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Crop productivity is greatly influenced by various environmental stresses, of which insect herbivory-induced biotic stress assumes much significance. As a consequence of insect herbivory, a number of plant biochemical processes involved in the tolerance mechanism are affected. Different studies have demonstrated a diverse functional role of various plant oxidative enzymes in protecting plants against biotic stress induced by insect herbivory. Comprehensive profiling of stress-associated plant oxidative enzymes is most relevant to successful molecular breeding of stress-tolerant crop plants. Thus, better understanding of the biochemical basis of plant defense mechanisms is imperative, not only from a basic science perspective, but also for biotechnology-based pest control practice. In this review, we emphasize the potential role of various oxidative enzymes in plant defense against insect herbivory.

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19 291 298 Chapman, S. K., S. C. Hart, N. S. Cobb, T. G. Whitham and G. W. Koch. 2003. Insect herbivory increases litter quality and decomposition

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Bi, J. L., Felton, G. W. (1995) Foliar oxidative stress and insect herbivory: primary compounds, secondary metabolites, and reactive oxygen species as components of induced resistance. J. Chem. Ecol. 21 , 1511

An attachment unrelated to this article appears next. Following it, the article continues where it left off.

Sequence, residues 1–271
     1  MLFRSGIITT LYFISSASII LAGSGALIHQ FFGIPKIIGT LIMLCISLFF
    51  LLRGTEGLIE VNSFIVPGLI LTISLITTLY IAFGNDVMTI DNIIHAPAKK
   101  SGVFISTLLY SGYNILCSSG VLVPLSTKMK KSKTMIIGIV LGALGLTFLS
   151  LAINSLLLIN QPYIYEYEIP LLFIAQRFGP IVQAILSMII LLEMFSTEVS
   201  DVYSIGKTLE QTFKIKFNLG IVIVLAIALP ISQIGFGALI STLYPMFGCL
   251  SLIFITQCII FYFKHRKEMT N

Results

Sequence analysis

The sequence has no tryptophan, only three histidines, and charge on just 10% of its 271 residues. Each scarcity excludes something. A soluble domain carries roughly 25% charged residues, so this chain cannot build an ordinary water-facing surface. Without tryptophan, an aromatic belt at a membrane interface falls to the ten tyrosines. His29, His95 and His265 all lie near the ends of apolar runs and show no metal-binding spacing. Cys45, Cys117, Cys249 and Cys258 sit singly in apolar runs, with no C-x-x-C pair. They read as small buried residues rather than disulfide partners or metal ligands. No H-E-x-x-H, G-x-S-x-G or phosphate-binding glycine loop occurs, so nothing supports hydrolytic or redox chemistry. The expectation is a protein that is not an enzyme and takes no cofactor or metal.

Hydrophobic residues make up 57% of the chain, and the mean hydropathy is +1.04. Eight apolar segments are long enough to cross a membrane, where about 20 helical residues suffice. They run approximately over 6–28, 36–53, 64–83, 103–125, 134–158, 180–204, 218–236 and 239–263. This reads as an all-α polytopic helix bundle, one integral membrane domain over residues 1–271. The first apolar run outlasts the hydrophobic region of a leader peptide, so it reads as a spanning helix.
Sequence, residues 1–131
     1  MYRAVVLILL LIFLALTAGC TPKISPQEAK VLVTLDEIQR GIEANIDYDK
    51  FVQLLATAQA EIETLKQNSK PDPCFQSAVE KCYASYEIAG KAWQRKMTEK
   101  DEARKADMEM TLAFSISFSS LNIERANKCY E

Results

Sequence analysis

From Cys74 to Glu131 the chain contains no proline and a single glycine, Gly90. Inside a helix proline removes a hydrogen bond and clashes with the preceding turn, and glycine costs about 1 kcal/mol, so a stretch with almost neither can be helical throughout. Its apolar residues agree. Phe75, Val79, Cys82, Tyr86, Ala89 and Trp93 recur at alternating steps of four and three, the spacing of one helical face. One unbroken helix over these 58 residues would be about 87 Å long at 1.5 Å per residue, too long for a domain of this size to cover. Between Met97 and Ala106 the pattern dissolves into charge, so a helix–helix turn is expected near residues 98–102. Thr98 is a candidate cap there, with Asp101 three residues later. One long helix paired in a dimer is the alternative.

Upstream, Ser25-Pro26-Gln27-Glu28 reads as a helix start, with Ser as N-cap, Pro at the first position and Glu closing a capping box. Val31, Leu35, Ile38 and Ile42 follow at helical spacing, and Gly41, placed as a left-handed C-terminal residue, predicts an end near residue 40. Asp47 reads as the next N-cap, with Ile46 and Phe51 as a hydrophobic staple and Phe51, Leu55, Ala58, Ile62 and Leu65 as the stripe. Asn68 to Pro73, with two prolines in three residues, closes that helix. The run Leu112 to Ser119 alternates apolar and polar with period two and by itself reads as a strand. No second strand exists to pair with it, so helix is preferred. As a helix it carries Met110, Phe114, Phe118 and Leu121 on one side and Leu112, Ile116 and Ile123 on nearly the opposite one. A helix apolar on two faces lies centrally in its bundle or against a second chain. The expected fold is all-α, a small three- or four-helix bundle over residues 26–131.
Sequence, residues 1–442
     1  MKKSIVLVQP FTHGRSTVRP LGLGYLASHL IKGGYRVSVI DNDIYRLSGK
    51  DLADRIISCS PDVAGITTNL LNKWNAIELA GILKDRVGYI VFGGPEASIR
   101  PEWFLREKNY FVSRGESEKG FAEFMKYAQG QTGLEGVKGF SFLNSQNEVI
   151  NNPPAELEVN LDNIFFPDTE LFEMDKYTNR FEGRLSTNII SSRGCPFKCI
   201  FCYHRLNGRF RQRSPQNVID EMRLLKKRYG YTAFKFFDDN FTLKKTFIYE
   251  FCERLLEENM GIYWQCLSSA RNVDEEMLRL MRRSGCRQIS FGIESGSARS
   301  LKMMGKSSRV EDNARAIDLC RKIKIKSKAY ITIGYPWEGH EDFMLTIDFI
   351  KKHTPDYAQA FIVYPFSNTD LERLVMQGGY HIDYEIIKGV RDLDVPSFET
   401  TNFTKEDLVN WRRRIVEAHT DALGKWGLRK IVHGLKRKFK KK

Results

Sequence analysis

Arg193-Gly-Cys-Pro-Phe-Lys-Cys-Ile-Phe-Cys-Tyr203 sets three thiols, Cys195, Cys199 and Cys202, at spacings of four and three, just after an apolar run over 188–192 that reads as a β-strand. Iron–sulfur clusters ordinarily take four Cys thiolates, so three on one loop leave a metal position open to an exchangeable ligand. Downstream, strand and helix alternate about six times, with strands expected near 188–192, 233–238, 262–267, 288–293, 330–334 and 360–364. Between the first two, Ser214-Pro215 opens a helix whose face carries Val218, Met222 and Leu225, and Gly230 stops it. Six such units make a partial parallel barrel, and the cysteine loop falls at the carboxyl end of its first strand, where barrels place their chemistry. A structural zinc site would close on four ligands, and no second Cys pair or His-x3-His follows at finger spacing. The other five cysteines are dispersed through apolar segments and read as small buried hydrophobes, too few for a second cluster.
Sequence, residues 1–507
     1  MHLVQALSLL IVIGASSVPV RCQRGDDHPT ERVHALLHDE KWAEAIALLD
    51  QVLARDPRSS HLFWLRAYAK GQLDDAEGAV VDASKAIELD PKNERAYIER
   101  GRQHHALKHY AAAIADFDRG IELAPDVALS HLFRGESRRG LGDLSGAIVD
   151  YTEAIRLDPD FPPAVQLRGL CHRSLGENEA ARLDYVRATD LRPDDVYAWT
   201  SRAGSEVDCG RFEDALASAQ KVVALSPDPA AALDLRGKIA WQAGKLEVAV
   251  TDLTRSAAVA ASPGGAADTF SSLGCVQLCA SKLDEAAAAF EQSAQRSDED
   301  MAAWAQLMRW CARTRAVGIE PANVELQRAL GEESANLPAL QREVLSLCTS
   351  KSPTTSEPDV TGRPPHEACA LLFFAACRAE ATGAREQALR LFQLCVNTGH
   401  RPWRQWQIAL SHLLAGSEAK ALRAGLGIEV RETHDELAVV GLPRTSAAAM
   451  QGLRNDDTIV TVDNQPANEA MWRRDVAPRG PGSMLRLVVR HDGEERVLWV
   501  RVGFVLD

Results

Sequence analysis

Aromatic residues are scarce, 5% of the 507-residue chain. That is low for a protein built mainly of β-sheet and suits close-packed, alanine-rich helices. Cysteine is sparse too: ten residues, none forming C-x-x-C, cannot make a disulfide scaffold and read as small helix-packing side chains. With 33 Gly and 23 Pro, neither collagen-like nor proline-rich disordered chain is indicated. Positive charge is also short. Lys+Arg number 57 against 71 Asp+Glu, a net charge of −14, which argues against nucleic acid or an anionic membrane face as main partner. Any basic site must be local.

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391 412 Clay, K., Marks, S., Cheplick, C. P. (1993) Effects of insect herbivory and fungal endophyte infection on competitive interactions among grasses. Ecology 74 , 1767

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139 123 136 Brown, V.K., M. Jepsen, M. and C.W.D. Gibson. 1988. Insect her-bivory: effects on early old-field succession demonstrated by chemical

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. Lichens as indicators of forest health in Canada . The Forestry Chronicle 82 : 335 – 343 . Throop , H.L. and M.T. Lerdau . 2004 . Effects of nitrogen deposition on insect herbivory

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